Trump Campaign Adviser Steps Down While Disputing Claims Of Russia Ties

Pavel Golovkin/AP

One of Donald Trump’s foreign policy advisers said Monday he was stepping down from the campaign, while pushing back on allegations that he had engaged in private communications with top Russian officials.

Carter Page said in an interview with Washington Post columnist Josh Rogin that the claims were “just complete garbage,” but nonetheless he had chosen to take a leave of absence from campaign become the accusations were causing a “distraction.”

Page decision came on the heels of a report by Yahoo News Friday that U.S. intelligence officials were looking into whether he met privately with Kremlin-aligned Russian figures while on a trip to Moscow in July.

“There’s so little time between now and the election, this is in the best interests of the candidate. It’s so ridiculous I want to have it behind us,” Page told the Washington Post.

Page was first publicly attached to the Trump campaign by Trump himself, in a March interview with the Washington Post, when the candidate listed Page among his foreign policy advisers. The campaign has since wavered on exactly how involved Page actually was in advising Trump. Trump spokeswoman Hope Hicks said last month that Page was an “informal advisor” who did not speak for the campaign, while spokesman Jason Miller said he had “no role” in the campaign when asked about him by Yahoo News last week.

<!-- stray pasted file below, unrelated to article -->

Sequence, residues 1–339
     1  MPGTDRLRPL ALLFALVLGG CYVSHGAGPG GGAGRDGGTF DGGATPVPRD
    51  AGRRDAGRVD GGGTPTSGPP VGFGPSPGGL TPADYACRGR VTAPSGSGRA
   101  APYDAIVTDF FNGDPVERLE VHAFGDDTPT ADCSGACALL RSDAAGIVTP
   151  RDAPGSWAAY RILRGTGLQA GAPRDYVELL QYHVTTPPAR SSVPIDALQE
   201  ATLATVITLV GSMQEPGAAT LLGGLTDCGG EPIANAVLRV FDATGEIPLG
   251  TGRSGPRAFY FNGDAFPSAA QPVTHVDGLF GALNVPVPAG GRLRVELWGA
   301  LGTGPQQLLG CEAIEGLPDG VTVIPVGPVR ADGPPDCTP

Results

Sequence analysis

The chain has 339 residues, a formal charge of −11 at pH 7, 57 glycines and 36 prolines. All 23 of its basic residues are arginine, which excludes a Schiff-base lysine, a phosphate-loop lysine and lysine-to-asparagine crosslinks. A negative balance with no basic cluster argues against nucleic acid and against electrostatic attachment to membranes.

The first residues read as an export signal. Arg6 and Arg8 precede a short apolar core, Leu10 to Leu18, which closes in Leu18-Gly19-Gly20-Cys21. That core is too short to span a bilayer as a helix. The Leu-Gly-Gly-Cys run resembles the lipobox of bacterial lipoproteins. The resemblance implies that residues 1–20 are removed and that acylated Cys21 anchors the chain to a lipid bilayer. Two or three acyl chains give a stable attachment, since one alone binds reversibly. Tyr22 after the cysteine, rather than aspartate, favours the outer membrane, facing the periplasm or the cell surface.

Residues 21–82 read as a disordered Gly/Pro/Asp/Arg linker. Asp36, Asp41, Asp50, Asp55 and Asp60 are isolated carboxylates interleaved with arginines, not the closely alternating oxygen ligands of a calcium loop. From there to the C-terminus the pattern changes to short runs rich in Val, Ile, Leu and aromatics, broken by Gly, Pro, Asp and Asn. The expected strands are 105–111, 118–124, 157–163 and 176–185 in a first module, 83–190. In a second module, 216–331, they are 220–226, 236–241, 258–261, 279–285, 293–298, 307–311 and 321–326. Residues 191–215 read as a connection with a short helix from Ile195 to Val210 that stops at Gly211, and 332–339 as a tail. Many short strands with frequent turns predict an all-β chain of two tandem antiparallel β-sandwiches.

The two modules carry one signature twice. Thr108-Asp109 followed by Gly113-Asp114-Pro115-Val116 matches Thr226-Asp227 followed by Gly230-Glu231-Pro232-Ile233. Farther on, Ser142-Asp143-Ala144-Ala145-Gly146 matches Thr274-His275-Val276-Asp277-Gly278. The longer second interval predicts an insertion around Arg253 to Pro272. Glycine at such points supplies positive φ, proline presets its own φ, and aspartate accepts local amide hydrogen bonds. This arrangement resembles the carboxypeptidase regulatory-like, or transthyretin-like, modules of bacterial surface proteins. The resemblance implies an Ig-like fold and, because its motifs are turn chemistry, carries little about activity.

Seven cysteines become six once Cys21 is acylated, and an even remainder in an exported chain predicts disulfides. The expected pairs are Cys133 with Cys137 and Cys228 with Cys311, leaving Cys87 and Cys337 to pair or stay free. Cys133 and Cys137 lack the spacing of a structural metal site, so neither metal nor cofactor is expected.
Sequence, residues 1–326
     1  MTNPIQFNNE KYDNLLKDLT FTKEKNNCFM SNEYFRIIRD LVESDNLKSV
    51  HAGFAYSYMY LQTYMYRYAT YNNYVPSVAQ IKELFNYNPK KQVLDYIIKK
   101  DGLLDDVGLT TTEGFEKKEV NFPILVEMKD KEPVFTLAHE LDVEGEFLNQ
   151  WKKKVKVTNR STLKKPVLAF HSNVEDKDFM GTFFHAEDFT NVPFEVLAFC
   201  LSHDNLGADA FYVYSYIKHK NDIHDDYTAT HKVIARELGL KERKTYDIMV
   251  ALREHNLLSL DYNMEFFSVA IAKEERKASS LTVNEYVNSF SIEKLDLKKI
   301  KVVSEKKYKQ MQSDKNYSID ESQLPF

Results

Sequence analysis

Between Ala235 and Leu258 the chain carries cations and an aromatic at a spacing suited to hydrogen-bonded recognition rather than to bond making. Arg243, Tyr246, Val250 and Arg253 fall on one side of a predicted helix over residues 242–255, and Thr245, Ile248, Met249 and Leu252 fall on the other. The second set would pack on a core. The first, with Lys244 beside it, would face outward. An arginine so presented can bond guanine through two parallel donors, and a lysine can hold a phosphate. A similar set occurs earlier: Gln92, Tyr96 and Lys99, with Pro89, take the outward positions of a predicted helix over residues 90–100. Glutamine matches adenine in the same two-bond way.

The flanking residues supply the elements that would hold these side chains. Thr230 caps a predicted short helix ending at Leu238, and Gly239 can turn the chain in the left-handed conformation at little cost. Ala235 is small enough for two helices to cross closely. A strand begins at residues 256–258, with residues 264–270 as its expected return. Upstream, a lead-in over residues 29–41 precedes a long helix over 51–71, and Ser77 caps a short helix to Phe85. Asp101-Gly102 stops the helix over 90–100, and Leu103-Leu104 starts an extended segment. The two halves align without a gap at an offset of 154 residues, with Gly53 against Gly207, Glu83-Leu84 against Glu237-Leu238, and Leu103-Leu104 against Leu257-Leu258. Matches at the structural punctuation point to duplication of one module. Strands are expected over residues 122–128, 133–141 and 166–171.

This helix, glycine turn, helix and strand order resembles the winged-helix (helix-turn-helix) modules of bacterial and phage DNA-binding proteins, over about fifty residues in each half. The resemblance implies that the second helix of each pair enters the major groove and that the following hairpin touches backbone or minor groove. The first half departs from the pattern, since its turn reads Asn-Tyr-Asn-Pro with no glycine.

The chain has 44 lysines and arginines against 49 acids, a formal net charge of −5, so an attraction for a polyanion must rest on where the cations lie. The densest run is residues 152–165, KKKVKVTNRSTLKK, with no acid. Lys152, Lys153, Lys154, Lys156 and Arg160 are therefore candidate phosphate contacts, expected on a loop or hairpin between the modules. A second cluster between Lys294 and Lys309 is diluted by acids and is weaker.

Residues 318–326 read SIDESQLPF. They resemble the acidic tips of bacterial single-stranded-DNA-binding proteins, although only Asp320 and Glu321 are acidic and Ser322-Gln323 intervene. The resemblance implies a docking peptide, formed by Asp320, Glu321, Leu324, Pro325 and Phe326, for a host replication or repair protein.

According to Rogin’s reporting, Page had never met with Trump one-on-one nor was he deeply involved in drafting speeches. However, Rogin described him as “an early member of the team who was working with Sam Clovis,” a policy adviser who joined the Trump campaign in 2015.

Page told the Washington Post that he didn’t meet with any of the Russian figures — including officials in the Kremlin and allies of Putin — mentioned in reports about the U.S. probe into his Russian activities.

“It’s completely false and inconceivable that someone would even accuse me of that,” Page said. He said that while in Russia, he did meet briefly Russian Deputy Prime Minister Arkady Dvorkovich, but that the introduction was merely an exchange of pleasantries. Page also said that he made clear while he was in Russia that he was not there on behalf of the Trump campaign, and that when he sought approval for the trip from the campaign’s senior staff, it was made clear that no campaign issues would be discussed.

Additionally, Page sent a letter Monday to FBI Director James Comey, requesting the agency to terminate any investigation into his Russian travels.

“As you may be aware, the source of these accusations is nothing more than completely false media reports,” Page said in the letter. “Yet for the record, I have not met this year with any sanctioned official in Russia despite the fact that there are no restrictions on U.S. persons speaking with such individuals.”

ABOUT THE AUTHOR

Tierney Sneed is a reporter for Talking Points Memo. She previously worked for U.S. News and World Report. She grew up in Florida and attended Georgetown University.

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